Analysis The public feud between Shuaa Capital and its creditor, the Dubai Banking Group has all the ingredients of a financial soap opera.
Banking spat reveals boom-time excess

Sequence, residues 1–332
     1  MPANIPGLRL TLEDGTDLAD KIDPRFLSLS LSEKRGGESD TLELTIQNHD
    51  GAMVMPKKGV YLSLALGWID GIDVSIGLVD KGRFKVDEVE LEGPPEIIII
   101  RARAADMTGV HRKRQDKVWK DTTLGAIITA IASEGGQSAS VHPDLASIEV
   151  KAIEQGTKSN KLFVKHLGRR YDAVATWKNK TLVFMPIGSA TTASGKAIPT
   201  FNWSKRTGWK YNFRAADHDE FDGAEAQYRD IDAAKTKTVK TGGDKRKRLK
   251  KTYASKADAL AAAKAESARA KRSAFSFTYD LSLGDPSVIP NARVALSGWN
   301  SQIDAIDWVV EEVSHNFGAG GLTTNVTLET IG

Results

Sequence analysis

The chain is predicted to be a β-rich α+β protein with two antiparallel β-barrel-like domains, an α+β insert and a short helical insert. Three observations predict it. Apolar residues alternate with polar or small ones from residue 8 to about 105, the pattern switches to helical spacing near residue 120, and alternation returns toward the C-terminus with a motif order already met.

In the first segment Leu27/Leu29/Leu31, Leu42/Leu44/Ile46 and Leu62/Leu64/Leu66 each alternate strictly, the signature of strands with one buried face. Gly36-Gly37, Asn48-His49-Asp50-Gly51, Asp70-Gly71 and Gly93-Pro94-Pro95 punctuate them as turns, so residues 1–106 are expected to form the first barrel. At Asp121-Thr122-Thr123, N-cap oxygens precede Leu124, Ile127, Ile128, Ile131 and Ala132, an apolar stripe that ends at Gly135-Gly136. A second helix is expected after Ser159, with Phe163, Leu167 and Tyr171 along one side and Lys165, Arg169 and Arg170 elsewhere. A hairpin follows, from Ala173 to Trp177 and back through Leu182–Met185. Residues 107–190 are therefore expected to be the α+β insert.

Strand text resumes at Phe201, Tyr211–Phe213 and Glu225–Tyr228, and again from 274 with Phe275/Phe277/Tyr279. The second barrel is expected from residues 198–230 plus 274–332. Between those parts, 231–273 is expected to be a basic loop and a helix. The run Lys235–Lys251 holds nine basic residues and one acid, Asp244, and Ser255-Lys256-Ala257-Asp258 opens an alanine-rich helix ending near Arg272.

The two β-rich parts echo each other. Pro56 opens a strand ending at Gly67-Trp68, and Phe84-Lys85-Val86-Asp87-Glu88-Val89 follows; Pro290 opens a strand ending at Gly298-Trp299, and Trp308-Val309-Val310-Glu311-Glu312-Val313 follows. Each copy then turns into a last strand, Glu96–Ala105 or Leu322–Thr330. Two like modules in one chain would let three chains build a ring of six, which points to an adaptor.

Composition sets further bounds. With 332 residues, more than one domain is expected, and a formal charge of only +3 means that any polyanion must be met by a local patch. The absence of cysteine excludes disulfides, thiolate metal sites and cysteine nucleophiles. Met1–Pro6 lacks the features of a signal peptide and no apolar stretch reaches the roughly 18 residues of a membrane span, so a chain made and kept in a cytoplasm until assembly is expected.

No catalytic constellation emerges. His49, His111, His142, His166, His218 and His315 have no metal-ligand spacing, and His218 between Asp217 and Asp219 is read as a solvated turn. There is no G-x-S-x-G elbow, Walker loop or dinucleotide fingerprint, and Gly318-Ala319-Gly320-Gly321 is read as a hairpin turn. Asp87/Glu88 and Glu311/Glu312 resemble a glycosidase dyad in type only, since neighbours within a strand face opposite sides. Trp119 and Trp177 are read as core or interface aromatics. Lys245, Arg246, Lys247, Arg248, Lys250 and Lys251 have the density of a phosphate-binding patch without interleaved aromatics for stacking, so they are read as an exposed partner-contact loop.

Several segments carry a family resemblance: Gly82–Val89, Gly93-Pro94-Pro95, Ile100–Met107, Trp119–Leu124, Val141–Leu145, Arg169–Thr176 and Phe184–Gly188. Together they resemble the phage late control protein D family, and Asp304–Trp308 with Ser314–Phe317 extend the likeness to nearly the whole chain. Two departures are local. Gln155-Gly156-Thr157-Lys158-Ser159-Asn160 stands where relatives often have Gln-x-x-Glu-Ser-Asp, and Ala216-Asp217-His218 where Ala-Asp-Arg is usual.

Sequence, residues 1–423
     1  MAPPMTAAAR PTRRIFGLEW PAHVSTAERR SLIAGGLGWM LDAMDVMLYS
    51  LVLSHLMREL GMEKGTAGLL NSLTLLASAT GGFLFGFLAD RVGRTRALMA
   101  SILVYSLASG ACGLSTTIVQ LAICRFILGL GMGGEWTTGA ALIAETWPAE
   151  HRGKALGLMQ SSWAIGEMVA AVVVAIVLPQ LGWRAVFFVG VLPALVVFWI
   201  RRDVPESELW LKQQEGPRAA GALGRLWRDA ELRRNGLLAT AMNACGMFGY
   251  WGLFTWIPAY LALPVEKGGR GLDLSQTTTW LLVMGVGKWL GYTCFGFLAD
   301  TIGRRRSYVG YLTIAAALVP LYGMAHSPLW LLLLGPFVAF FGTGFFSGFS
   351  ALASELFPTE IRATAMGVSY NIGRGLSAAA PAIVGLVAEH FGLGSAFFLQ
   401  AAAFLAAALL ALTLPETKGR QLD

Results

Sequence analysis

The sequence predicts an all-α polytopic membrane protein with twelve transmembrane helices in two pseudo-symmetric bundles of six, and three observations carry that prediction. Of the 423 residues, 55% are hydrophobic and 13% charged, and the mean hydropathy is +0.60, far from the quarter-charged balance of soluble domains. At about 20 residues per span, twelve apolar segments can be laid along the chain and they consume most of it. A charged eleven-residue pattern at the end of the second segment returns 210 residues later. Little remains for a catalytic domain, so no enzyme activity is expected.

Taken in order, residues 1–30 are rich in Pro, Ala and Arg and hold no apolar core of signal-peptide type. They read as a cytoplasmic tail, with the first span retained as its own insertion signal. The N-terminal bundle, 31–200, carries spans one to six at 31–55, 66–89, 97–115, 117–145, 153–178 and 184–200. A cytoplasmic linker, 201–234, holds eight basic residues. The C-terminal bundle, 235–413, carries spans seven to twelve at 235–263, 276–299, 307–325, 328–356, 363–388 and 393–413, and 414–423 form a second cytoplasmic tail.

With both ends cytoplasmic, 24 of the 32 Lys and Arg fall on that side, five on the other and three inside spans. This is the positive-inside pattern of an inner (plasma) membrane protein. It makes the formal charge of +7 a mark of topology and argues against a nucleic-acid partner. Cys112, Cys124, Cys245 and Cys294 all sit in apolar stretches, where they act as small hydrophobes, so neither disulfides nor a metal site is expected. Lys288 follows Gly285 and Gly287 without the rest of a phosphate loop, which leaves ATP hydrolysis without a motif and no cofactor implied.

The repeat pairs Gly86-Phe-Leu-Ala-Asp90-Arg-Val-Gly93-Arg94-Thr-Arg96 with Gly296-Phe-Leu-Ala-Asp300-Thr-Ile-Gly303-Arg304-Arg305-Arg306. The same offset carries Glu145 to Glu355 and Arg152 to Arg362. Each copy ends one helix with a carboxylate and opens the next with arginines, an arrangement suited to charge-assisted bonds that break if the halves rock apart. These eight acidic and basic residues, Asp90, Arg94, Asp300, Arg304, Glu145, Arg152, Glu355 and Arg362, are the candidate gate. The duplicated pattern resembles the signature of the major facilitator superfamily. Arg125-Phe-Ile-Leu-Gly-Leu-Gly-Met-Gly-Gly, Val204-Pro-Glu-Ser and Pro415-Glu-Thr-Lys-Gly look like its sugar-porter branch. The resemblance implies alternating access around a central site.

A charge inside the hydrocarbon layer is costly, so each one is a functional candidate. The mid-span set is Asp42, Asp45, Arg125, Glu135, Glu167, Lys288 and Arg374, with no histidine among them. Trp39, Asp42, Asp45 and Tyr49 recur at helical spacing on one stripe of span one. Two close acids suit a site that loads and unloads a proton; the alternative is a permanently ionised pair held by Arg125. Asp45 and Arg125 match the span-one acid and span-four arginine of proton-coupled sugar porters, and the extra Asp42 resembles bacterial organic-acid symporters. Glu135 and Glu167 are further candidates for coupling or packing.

The public feud between Shuaa Capital, the investment bank, and its creditor, the Dubai Banking Group (DBG), over a Dh1.5 billion (US$408.6 million) convertible bond has all the ingredients of a financial soap opera, sending Shuaa's shares up, then down, and finally forcing the market regulator to intervene in the dispute last week. The saga also focused investors' attention on the legacy of short-term convertible bonds and other debts that were sold in the boom and are approaching maturity at a time of reduced liquidity and weaker economic confidence. "Last year, it made sense for everyone here to borrow as much as they possibly could," Youssef Nasr, the chief executive of HSBC Middle East, told a recent Moody's credit conference in Dubai. "It was basically a play against very negative interest rates." But a funding strategy that once made sense amid rampant economic expansion - taking out one short-term loan after the next, when rates were cheap and offerings abundant - is now causing chief financial officers sleepless nights across the region. The struggle between Shuaa and the DBG highlights the vulnerability of companies who raised short-term funds using debt that now need to be redeemed or rolled over. Should the DBG, part of Dubai Holding, get its way, Shuaa will be forced to pay back the Dh1.5bn it borrowed so easily in 2007 when oil-fuelled confidence in local markets was at a peak. If Shuaa has its way, the DBG will have to accept the terms of the original deal and convert the bonds into Shuaa shares instead. The shares are worth substantially less today than they were 18 months ago when the bonds were issued. Georges Makhoul, who heads the Middle East and North Africa operations of Morgan Stanley, says the mismatch caused by short-term finance paying for long-term projects is the nub of the problem. "It is the type of leverage and how you use it that gets you into trouble," he says. "Infrastructure projects like the ones undertaken here in the region should not be financed with short-term leverage and bank lending, but instead funded with long-term infrastructure type of bonds and leverage that would run up to 30 and 40 years. "What you need now is the restructuring of the existing leverage. If the returns are long term and you fund with short-term debt, then you face this crisis every year where you wonder how you are going to pay for it." There are many companies in the region that are now struggling under the burden of short-term debt issuances. Tamweel and Amlak, for example, the country's largest home lenders, are two more exaples of the mismatch between short-term funding, much of it as interbank lending, and long-term commitments to home buyers. Nakheel, the developer of Dubai's palm-shaped islands, is seeking to refinance a $3.5bn sukuk that comes due at the end of this year. Its efforts to refinance this debt are seen by credit agencies as a litmus test for how they assess Dubai government-controlled companies. Nakheel issued its three-year sukuk in 2006, when a downturn in the feverish Dubai property market seemed impossible. The bond came with an annual profit rate (the Sharia-compliant equivalent of an interest rate) of 6.345 per cent. To ease its cash flow, however, Nakheel arranged to pay just half of that, or 3.1725 per cent, during the life of the bond, pledging instead to pay the rest at maturity. What seemed a sensible move, given the then-rapid rise in property prices, has now become a burden. As the fallout from short-term borrowing becomes widely visible in local markets, analysts and credit rating agencies are asking what lessons can be learnt from the surge in corporate borrowing of recent years. "Debtors were planning on certain cashflows which did not materialise as the markets went haywire," said one senior UAE-based banker. "Restructuring is the way of the day. Until there is fresh lending, there will be pressure to restructure and extend the loans." Longer-term corporate bonds may represent a more sustainable route to providing funding for companies planning to expand or develop projects, analysts say. "A lot of these loans need to be rolled over into long-term borrowing, and that should be done by way of corporate bonds," says Mohieddine Kronfol, the managing director at Algebra Capital. Many bankers fear that despite the recent increase in appetite for Gulf corporate debt, there may not be enough liquidity available for all the loans that are now approaching maturity for them to be rolled over. "The recovery is still on a very weak footing and if credit were to taper off once again or if we saw another safe-haven run, things could turn ugly again," Mr Kronfol says. Companies that need to restructure their debt or raise new capital are faced with a local debt market that remains tight, despite recent indications that bank lending is starting to grow again. Behind closed doors, bankers admit they remain reluctant to open their vaults. "Local banks are not really in a lending mode," a senior UAE banker says. Another local banker says: "If I feel this is an opportune time for lending, then yes, I will start, but I don't think we should rush into it." With local equity markets recovering, the price of oil rebounding and a renewed flow of government funds priming regional economies once more, credit analysts fear companies seeking to raise funds will repeat the mistakes of the past by relying on short-term debt. "The recovery and the fact that oil is once again at around US$70 per barrel makes people comfortable, it slows down the recovery process, it lulls us into complacency," Mr Kronfol says. The past three months has seen a flurry of activity in regional debt markets after a dormant first quarter. Recent sovereign and semi-sovereign bond sales have included issuances by the governments of Bahrain, Qatar and Abu Dhabi, as well as companies such as Q-Tel and Aldar. "Despite significant bond issuance volumes since the beginning of the year, liquidity remains fragile for corporate issuers in EMEA [Europe, Middle East and Africa]," Jean-Michel Carayon, a senior vice president in Moody's Corporate Finance Group, said last week. Most bankers and economists agree that the UAE has taken some tangible steps towards easing the liquidity crunch, such as the recent $10bn bond issue by the Dubai Government, intended to help developers tackle their most immediate funding requirements and pay their contractors. The UAE last week passed a law on government debt that enables the Federal Government to borrow by selling bonds, while also establishing limits on that government borrowing. Saudi Arabia's Tadawul exchange also started trading sukuk last week. However, there have been few new corporate ratings and no new corporate bond issues by non-government backed entities. "The private sector has been slow in playing its role," Mr Kronfol says. "Whether Dubai's debt stands at Dh80bn, Dh90bn or Dh100bn is irrelevant," Mr Makhoul says. "What is relevant is where the cash flow is coming from to service that debt, not to pay back the total, but to service it one piece at a time." email@example.com